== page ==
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Greece

Greece's far-right Golden Dawn party vows to contest May elections

Greece's Golden Dawn party has vowed to partake in local and European elections next May despite the looming threat of a government crackdown. Thousands of the party's supporters rallied in Athens for the announcement.

Ilias Kassidiaris, a lawmaker and spokesman for the party, told around 3,000 of Golden Dawn's supporters (pictured) in the center of the Greek capital on Saturday night that he would find a way to contest the upcoming vote.

"We will participate in the elections, one way or another," said Kassidiaris, who has been the most prominent member of the party since its leader was arrested.

He told the crowd that if the Golden Dawn party is banned, the National Dawn party has been founded as a backup of sorts.

"Patriots will have a party to vote for in the next election if [authorities] go ahead with the coup to ban Golden Dawn," Kassidiaris said.

Saturday's rally was held to commemorate a 1996 dispute between Greece and Turkey over an islet that left three navy officers dead and brought the countries to the brink of war.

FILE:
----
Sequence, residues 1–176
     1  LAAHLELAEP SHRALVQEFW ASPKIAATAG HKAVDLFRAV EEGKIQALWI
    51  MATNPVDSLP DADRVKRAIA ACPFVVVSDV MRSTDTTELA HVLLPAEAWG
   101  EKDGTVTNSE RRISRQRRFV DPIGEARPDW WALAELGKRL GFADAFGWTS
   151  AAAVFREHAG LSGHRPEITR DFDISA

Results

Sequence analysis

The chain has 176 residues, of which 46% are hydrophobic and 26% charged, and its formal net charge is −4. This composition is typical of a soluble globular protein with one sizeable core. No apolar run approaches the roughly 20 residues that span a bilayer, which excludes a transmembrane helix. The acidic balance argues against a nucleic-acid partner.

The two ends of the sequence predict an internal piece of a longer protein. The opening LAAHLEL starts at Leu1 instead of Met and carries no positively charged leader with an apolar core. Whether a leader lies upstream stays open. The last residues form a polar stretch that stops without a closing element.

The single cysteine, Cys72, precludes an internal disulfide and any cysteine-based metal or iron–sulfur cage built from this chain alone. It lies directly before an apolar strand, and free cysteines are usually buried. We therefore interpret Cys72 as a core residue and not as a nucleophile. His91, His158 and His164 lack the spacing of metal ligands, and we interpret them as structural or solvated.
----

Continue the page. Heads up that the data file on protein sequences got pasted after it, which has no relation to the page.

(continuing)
Police were able to peacefully disperse the Golden Dawn demonstration, though a counter-rally at Syntagma Square held by anti-fascists resulted in light scuffles. Authorities used tear gas to break up the crowd and chased protesters, who had set a garbage can and ATM on fire, to a train station.

Divisive party

Golden Dawn was formerly a fringe organization but saw a surge in popularity as Greece's financial crisis unfolded. Following the party's ascension to parliament in 2012 there were renewed calls for it to be banned.

A prosecutor's report called the party a "criminal organization" that is responsible for carrying out a number of attacks, some fatal, particularly on migrants. In addition to the party's leader, five other Golden Dawn lawmakers are in jail as part of government investigations into the organization's alleged criminality. The party, which has a Swastika-light emblem and takes an extreme view against immigrants, has been called a neo-Nazi, fascist party – a label it rejects.

Nonetheless, it remains Greece's third most popular political party and is expected to perform well in the May elections amid anger over government cuts. Recent polls show the party would garner 8.9 to 10.3 percent of the vote if it were held now.

Kassidiaris, who is running for mayor of Athens, said that the arrests of senior Golden Dawn members wouldn't stop the party from moving forward.

"They put us in jail. And what happened? Did we falter? No, we did not," he said. "We are stronger, we are more powerful and in a short time we will be in power."

dr/mr (AP, Reuters, AFP)

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